Mac beats No.2 ranked Spartans

Laura Sinclair
October 23, 2013
This article was published more than 2 years ago.
Est. Reading Time: 4 minutes

Coach Dave Preston made it very clear. He does not believe in the early CIS top ten rankings, and what they say about his team.

“Rankings are a coaching poll, I don’t believe that it’s a true indicator of our performance level…I don’t think that rankings define our team.”

The CIS top ten rankings are viagra mail order comprised by the coaches within the league that vote for the teams that they believe are the best in the country, but they cannot vote for their own team.

Preston takes the Marauders third-place CIS ranking to open the season as a compliment from the other coaches, but he is unsure of how they got to be ranked in third spot, especially without any extensive knowledge of the team’s performance, or play, other than their match against Western that they won 3-2.

“I think it’s neat that we’re kind of considered to be one of the top three teams in the country right now, but again it’s a popularity poll…We played Western, beat them in five, and got ranked third in the country…Like how does that really work?” added Preston.

Despite Coach Preston’s view of the inaccuracy of the rankings, this past weekend, they were able to pull off an encouraging win over the second ranked team overall – the Trinity Western Spartans.

In this match, the Marauders took the game in five sets (3-2), but in the fourth set, the game began to look extremely familiar to their game played the previous night against the first-ranked Alberta Golden Bears.

The match against the Golden Bears on Oct. 18 saw the Marauders down 2-1, holding a lead with a score of 22-17 in the fourth set, before the Golden Bears pulled out of the set 25-19. McMaster ended up letting the game slip away from them, which gave the Golden Bears the 3-1 win.

The following night, the Marauders saw themselves in the exact same scenario as the night before: they were down 2-1, the score was 22-17 in the fourth set, but this time, the Marauders did not let the game slip away.

“The captains on our team recognize the scenario, know that we didn’t take advantage of it before, and put a huge conservative effort to say we need to make sure we take advantage of it in this one, and did, and ended up winning the match in five” said Preston on the courageous win.

In order for the Marauders to have won the match against the Golden Bears in a similar fashion to the way they won against the Spartans, Preston believes that the consistency and repetition of good serving and passing during the game would have given them an extra push against the dominant team.

“It was our serving and our passing that I guess kind of eroded if you want to put a term on it,” said Preston.

“Alberta just showed how they are a little bit more repeatable than we are right now…we know that we can pass a good ball and our lesson right now is to make sure we pass a good ball as often as possible, and especially when it counts, and so that’s what I think the difference is between us and Alberta right now.”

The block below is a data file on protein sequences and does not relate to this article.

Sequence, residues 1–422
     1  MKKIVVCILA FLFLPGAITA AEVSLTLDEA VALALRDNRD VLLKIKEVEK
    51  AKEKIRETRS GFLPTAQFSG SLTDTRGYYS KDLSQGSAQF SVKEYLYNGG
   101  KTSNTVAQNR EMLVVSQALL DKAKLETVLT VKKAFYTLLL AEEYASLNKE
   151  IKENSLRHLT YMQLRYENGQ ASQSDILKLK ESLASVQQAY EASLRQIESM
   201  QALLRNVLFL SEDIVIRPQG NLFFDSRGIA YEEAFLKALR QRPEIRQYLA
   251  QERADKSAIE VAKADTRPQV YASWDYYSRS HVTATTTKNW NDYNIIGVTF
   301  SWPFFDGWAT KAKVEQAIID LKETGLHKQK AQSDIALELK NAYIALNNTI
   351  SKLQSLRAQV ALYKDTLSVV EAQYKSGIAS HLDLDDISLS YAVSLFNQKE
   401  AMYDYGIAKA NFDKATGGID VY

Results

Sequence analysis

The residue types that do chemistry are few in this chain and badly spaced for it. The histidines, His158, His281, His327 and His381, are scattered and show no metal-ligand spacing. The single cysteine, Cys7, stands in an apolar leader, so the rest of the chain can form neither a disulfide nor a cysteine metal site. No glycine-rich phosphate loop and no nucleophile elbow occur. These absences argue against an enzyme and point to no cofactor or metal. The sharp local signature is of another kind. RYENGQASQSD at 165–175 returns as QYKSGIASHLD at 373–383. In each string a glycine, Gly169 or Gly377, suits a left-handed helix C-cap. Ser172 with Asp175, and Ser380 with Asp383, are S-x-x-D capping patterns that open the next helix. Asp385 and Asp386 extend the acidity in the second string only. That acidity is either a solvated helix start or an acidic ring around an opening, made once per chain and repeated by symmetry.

The Marauders learned a lot from their trip, finishing with a record of 2-1 in the tournament, which also included their win against the host team, the Calgary Dinos, which was a reassuring defeat for the Maroon and Grey, as they now know early on that they can play well on the road and can upset the home team in their own territory.

“Beating Calgary, in Calgary, was pretty good…we can play on the road,” said Preston.

The team is also more determined from the tournament, and wants to get on the court as much as possible to win some more games, and to work out the preseason kinks.

“One of the things you’re always a little bit concerned about as a coach is what your motivation is coming home from an event like this. And I think we probably are a little bit more motivated now than we were before we left. So, that’s a good thing for us,” said the coach.

The motivation that is also present for the team stems from some of the veteran players, and the captains of the team that Preston refers to as the “leadership council” that have taken some of the rookies under their wing.

This leadership council consists of Austin Campion-Smith, Jori Mantha, Tyson Alexander, Alex Elliot and Danny Demyanenko – five experienced players that have helped out and have mentored some of the rookies early on this season

“Our leadership council is tremendously influential, and leadership is very important,” said Preston.

“Each one of them kind of grabbed two guys, and they just go, so instead of one guy kind of being at the front of the pack and everybody else behind him it’s almost like one straight line and going on mass.”

The combination of leadership, incredible offense, and solid defence is what has made the Marauders so successful in the past, and it appears that it’s this same combination that continues to make them successful so far this season.

Despite the very early success, Coach Preston still has questions for the team that he expects to be answered throughout the duration of the season.

For his defense, it’s a question of endurance.

“Can we play defense? Yes. For how long, and when it counts? Those are going to be the questions.”

For his offense, it’s a question of repetition.

“Is our offense good? Yeah. Will it be better, and repeatable when it counts? That’s the question.”

The Marauders will look to provide a response for these questions in regular season action, which takes off on Friday, Oct. 25 in Windsor against the Lancers, and on Saturday, Oct. 26 in London against the Western Mustangs.


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